Hurricane Sandy, which first made landfall in Jamaica on Wednesday, 24 October, had a widespread impact on occupancy across the Caribbean, according to data from STR.
“The overall numbers were up for the week, which seems counterintuitive, but the reality is for many properties revenue per available room was already way up from last year in the days before knowledge of the storm,” said Carter Wilson, director at STR Analytics. “Compared with those trends, it’s clear that immediately before the storm hit, the islands’ occupancy levels were impacted dramatically, either from impending travelers canceling their visits or vacationers cutting short their stays. Average daily rate levels remained fairly moderate throughout the storm.”
Before the storm was a threat, occupancy on Monday, 22 October varied throughout the region. Some areas, including Trinidad & Tobago and San Juan, Puerto Rico, reported strong gains compared with the same Monday in 2011. Other areas experienced minimal change (Nassau, Bahamas) or reported occupancy declines.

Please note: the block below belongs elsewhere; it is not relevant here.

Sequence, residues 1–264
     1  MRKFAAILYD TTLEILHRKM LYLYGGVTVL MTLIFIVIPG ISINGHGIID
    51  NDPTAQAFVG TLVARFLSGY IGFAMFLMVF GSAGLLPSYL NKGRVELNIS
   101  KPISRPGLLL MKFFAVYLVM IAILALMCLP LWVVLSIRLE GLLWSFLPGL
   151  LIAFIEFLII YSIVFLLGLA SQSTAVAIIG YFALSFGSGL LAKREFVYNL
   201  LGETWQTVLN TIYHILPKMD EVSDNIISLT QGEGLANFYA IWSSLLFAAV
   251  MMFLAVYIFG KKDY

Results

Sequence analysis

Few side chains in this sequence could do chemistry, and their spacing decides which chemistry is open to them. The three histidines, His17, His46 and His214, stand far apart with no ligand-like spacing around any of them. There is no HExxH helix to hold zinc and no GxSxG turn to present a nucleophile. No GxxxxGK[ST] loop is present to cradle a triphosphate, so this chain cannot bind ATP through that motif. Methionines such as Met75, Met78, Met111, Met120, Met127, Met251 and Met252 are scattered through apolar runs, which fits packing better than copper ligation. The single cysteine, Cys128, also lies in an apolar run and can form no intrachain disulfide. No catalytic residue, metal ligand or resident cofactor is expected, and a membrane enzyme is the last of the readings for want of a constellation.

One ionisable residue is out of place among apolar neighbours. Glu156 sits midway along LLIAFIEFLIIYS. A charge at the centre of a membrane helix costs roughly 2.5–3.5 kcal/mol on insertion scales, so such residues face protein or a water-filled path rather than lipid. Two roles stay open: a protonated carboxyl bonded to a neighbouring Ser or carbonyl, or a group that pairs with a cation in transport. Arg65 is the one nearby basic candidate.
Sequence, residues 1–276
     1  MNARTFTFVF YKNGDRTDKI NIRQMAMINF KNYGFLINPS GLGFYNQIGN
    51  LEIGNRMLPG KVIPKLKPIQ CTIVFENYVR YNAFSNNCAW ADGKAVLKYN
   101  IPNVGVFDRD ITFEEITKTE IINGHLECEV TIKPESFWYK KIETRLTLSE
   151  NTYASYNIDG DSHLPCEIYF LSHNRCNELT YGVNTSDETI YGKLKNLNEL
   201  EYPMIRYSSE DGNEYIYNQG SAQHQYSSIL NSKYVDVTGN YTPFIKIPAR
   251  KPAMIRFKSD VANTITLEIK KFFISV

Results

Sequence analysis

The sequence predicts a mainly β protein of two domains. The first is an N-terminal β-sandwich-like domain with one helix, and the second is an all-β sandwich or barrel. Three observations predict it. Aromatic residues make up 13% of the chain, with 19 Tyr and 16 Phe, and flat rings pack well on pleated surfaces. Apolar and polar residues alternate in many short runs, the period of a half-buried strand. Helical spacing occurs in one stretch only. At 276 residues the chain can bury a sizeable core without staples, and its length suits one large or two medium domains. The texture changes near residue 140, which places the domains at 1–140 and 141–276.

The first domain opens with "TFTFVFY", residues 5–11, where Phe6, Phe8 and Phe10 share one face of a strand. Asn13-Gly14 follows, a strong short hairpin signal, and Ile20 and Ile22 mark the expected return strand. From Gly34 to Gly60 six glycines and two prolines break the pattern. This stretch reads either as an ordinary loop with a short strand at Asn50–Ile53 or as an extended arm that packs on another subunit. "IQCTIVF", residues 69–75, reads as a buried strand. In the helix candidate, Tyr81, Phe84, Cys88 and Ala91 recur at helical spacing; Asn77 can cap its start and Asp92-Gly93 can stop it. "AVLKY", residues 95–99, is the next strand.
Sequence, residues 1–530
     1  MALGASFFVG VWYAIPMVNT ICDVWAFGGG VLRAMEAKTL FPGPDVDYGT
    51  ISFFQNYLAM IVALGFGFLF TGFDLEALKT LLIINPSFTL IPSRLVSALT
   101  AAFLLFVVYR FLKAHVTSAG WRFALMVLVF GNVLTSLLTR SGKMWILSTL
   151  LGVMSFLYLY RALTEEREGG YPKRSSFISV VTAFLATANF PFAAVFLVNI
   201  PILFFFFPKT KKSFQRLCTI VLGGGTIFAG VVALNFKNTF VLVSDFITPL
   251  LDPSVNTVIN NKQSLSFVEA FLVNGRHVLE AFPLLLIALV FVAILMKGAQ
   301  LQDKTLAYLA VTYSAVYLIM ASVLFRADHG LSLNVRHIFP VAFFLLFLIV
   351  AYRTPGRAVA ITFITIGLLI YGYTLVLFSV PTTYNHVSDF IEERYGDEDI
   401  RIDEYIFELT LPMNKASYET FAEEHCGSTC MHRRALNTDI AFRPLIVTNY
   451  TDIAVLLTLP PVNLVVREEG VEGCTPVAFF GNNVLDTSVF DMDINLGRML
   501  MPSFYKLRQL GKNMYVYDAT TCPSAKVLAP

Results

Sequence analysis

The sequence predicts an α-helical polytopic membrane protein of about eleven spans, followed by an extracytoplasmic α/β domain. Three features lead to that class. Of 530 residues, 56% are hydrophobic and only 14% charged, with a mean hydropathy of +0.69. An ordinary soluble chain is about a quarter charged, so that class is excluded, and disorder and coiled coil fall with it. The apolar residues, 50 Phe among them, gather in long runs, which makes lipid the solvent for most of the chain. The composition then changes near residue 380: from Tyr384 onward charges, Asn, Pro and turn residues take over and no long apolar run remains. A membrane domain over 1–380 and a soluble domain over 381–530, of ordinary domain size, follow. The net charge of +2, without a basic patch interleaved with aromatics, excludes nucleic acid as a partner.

When the storm hit 24 October, most hotels in the region reported occupancy declines. Jamaica hotels reported occupancy declines of 8.5 percent while Nassau hotels reported occupancy declines of 27 percent. Puerto Rico, however, reported an occupancy gain of 12.5 percent, and occupancy in San Juan jumped 43.8 percent.
Friday’s numbers were milder, with Nassau posting an 11-percent decrease in occupancy compared to the same day of week last year. As the storm continued to head north toward the U.S., most other Caribbean nations posted smaller gains, including the Dominican Republic, Puerto Rico and Barbados.